He loved them the way other kids love baseball or computer games or mystery books. Riddles were like locks to Gabriel. He liked to pry them open and figure out what made them work. He liked the tricky ones that forced you to think about double meanings in words:

 

When is a door not a door?

 

When it’s ajar.

 

He liked riddles that used unfamiliar words, like ajar, which means a door that is slightly open, but he also liked riddles that stretched your imagination, like this one:

You’ll always see me in first place in a running race, third in a marathon, fourth in a tear, yet never in a dash! Who am I?

 

He spent a day puzzling over it, until, finally, he wrote it down and realized that the letter “r” comes first in running race, third in marathon, and fourth in the word tear.

 

Of course, Gabriel had another reason for loving riddles. His father had been a master of riddles. He’d told Gabriel a riddle every day, every single day–that is, until the day that he disappeared.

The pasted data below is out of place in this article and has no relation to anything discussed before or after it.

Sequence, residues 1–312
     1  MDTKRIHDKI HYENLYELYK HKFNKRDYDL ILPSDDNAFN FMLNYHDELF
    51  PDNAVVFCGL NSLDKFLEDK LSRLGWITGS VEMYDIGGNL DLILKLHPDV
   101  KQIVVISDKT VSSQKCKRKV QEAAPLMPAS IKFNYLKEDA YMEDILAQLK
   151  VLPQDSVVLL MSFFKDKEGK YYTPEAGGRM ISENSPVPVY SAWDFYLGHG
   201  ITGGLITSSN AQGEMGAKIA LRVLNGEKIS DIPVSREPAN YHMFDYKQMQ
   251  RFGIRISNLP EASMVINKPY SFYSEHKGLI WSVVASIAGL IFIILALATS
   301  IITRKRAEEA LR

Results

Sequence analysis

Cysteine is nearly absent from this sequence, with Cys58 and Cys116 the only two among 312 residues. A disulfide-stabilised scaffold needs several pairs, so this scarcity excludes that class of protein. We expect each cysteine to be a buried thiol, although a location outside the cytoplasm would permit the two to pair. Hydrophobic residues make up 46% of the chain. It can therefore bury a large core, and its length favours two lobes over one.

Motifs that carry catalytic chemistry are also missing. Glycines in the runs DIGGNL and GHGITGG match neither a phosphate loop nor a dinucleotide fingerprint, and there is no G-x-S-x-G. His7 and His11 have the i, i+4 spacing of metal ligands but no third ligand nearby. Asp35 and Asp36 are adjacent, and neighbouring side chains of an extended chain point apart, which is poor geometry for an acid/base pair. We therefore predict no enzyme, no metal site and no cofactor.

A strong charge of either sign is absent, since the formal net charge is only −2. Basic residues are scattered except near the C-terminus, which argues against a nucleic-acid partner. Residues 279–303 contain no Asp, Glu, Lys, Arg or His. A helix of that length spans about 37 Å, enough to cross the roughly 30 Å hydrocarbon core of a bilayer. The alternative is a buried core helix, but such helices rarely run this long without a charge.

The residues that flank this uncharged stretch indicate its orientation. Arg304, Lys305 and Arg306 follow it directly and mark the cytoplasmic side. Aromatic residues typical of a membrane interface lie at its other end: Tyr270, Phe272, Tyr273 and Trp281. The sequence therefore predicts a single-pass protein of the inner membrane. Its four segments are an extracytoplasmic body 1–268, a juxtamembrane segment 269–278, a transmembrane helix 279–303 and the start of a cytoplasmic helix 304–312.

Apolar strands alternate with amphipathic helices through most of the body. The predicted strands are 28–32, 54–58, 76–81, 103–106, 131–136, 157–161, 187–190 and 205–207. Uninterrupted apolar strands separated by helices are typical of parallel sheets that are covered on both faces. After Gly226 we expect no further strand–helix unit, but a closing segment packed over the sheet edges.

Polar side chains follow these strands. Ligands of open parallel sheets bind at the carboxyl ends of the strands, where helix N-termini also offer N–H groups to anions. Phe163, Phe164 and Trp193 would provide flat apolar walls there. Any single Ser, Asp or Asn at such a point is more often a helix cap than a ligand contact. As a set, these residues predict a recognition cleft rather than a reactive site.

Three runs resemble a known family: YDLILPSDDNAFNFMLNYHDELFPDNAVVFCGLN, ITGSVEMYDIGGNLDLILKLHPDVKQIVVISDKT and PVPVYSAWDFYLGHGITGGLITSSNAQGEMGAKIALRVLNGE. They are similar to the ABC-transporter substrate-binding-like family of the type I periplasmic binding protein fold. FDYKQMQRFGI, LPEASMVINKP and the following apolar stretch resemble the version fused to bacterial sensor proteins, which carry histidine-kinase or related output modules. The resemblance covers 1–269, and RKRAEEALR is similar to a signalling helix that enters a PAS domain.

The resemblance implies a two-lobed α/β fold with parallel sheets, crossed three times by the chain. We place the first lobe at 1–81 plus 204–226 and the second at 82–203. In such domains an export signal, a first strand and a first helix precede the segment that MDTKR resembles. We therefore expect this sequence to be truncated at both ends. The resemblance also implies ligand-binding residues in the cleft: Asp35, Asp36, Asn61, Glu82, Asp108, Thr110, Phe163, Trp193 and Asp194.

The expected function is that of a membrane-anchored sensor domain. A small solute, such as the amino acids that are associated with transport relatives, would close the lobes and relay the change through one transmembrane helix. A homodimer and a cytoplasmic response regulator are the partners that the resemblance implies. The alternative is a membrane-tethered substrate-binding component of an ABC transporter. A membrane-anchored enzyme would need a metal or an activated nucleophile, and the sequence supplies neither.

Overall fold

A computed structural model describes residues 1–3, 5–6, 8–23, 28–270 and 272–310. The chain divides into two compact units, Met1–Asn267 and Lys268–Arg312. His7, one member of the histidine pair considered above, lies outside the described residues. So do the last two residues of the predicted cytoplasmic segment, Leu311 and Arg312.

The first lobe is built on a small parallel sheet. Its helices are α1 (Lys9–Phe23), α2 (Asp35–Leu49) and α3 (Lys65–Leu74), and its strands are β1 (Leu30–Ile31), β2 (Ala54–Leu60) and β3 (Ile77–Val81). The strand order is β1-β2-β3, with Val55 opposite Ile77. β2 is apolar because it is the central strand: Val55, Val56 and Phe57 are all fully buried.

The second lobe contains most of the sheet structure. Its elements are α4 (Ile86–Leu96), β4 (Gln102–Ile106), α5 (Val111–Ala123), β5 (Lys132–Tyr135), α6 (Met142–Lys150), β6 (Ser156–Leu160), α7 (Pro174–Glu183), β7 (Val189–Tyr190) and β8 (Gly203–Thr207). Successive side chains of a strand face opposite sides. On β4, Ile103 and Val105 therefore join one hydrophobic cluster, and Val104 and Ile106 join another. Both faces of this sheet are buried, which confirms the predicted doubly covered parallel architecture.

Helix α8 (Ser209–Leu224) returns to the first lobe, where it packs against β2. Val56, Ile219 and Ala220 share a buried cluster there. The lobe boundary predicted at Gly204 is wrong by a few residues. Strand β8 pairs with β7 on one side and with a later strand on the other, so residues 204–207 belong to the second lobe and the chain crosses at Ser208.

The Finleys’ house was nestled in the old part of Brooklyn, where all the houses were brownstones with flickering lamps in the front yards, curved glass windows, and wrought-iron gates. It had once belonged to Gabriel’s grandparents; the front door was cracked and weathered, its stairs were creaky, and its furniture was peculiar–lumpy armchairs of faded silk and velvet tasseled pillows, locked desks and cabinets with carved animal feet, a chandelier with candleholders made of antique pistols, and odd paintings of relatives (all very strange people, from the look of them).

 

The oddest painting hung in the study over a black desk. It depicted a boy of about twelve. Most of his features were in shadow, but the visible parts were very disturbing: his mouth was so small you might think he didn’t have one; his hair was black and iridescent, like the rainbow of colors in an oil slick. And the nose? It was more like a raven’s beak–strong, curved, and sharp at the tip. His eyes watched you with a cold, heartless stare and followed you wherever you stood in the room.

 

A single word was printed on the bottom of the portrait’s frame. It didn’t sound like a boy’s name, but it suited the figure in the picture. Corax. Someone solitary, mysterious, and terrible.

 

“Did he really grow up to be my uncle?” Gabriel asked his aunt one late-summer evening during dinner.